Sharing exemplary stories on art and culture

Sharing exemplary stories on art and culture
5. General

Sharing exemplary stories on art and culture

Welcome to the forty-first edition of ‘3-2-1 by Story Rules‘.

A newsletter recommending good examples of storytelling across:

  • 3 tweets
  • 2 articles, and
  • 1 long-form content piece

Let’s dive in.

🐦 3 Tweets of the week

‘Show, don’t tell’ is great writing advice. Easier said than done though!

4 words. Powerful message.

Let’s give credit where it is due.

📄 2 Articles of the week

a. ‘OpenAI Is Still an $86 Billion Nonprofit’ by Matt Levine (Money Stuff newsletter)

Levine’s series on OpenAI is eye-opening and entertaining.

In this post, he brilliantly analyses the likely change in OpenAI’s valuation, after the whole ruckus of Sam Altman’s sacking and reinstatement.

Before the event, the company was valued at $86 billion. After the whole affair would the value have risen or fallen?

Levine makes several arguments for both sides:

So how much should OpenAI be worth today? Some possible answers:

1. Less than $86 billion, for governance reasons: After a rapid rise in prominence and valuation, OpenAI revealed some serious cracks, causing its valuation to become zero dollars for a while, meaning that investors should be far more cautious about it now than they were before. It is more volatile than people thought. The lesson of the last week, I suggested on Tuesday, might be “don’t invest in nonprofits at an $86 billion valuation”; maybe investors will learn that lesson.

2. More than $86 billion, for governance reasons: Those cracks were there from the beginning, and investors presumably accounted for them in that $86 billion valuation. But now that Altman has won his power struggle and cemented his control the future OpenAI will be less weird and nonprofit-y and afraid of its own shadow. It’s the same exciting business but with better, more investor-friendly governance, so it should be worth more to investors.

He then goes on to make eight more arguments in the same vein (‘Less than $86 billion’, ‘More than $86 billion’, ‘less than’, ‘more than’, …) – it is compelling stuff.

b. ‘The return of wars, explained’ by Yuval Noah Harari

(This is a YouTube video)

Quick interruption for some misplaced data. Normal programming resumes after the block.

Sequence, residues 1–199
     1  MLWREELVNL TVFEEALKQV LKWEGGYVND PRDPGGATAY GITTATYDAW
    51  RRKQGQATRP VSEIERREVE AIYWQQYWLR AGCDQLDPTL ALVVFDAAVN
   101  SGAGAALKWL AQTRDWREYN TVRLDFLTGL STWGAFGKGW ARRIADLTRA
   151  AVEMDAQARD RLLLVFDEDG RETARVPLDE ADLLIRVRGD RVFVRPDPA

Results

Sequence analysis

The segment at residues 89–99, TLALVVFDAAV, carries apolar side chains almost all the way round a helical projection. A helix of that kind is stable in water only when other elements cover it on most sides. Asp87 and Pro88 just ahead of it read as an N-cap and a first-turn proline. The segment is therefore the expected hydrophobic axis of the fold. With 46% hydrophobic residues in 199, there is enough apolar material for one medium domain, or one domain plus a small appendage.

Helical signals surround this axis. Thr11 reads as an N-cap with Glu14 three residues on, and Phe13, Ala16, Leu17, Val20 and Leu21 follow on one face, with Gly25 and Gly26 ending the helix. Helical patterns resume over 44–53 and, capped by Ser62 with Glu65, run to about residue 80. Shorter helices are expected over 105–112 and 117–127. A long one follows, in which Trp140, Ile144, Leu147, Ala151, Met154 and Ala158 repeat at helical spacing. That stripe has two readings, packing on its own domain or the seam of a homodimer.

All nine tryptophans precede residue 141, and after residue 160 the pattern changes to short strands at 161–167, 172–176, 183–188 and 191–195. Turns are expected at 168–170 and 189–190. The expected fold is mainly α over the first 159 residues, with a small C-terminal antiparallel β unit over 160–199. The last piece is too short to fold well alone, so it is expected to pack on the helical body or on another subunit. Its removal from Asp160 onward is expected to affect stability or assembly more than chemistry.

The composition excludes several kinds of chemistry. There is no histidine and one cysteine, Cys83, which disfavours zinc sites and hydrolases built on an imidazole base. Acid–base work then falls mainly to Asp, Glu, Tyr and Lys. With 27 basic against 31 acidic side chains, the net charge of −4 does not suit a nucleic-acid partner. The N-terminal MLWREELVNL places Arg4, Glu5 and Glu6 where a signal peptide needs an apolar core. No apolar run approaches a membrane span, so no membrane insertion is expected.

Just 10 years ago, the Israeli historian, Yuval Noah Harari had written:

…never before has peace been so prevalent that people could not even imagine war in the early 21st century, largely thanks to the global liberal order

And now we have Ukraine, Israel-Palestine, Sudan, and the looming Taiwan conflict. What happened?

In this video, Yuval Harari explains some of the likely drivers of the increase in conflicts across the globe: two key factors being the shift from a unipolar world to a multipolar world, and the rise of populism in countries that are experiencing slowing growth rates.

Harari leaves us with a warning – humanity should not fritter away the gains we have gotten through unprecedented global cooperation:

…we control this planet not because individually we are so smart or so good but because we know how to cooperate better than any other entity on the planet better than chimpanzees or viruses. This is our secret of success. If we forget it on the level of a Nation or on the level of the entire species we will fall into more and more internal and international conflicts.

It’s not just the regional wars in the Middle East. It’s the threat of a third world war. It’s climate change and ecological collapse. It’s the rise of disruptive technologies like Artificial Intelligence. We need global cooperation on that. If we cannot do that then humanity has very little chance of surviving the challenges of the 21st century.

🎧 1 long-form listen of the week

a. ‘The Cultural Tutor: From McDonald’s to Twitter Stardom’ | How I Write Podcast with David Perell (YouTube)

(The link is for the episode’s video on YouTube, but you’ll also find it on your preferred podcast apps like Google PodcastsSpotify and Apple Podcasts)

The Cultural Tutor (real name – Sheehan Quirke) is one of my favourite accounts on Twitter and one of the reasons why you should be on the platform despite all the negativity.

He publishes high-quality threads on various topics of high-culture – art, architecture, history, literature, poetry, music et al. He imbues these topics with rich context and adorns his threads with some stunning images.

Many of my ‘tweets of the week’ in this newsletter have been from The Cultural Tutor’s work – for instance, this intriguing one on why houses in Amsterdam are very narrow (the answer is very prosaic).

This is perhaps Sheehan’s first detailed interview – by writing tutor, David Perell.

Here are some conversation highlights as shared by David on a LinkedIn post:

1. Don’t read anything published within the past 50 years.
2. You don’t lack ideas, you lack deadlines. By forcing yourself to be creative, you generate better ideas.
3. Be disciplined about your output but loose with your process.
4. You don’t need to be an expert before you start writing; you just need to be curious. You’ll become an expert by writing about what you learn.
5. The best time to write about an idea is when it first strikes you.

That’s all from this week’s edition.

Photo by Vitaliy Lyubezhanin on Unsplash

Decode Leadership Storytelling

Join the ‘3-2-1 by Story Rules’ newsletter and get an e-book that decodes the hidden storytelling structure used by Jeff Bezos, Bill Gates and Warren Buffett.

    Unsubscribe at any time.

    Get Storytelling tips in your Inbox

    Subscribe to the 'Story Rules on Saturday' newsletter

    Get a free e-book that decodes the hidden storytelling structure used by leaders like Jeff Bezos, Bill Gates and Warren Buffett.
    Your infomation will never be shared with any third party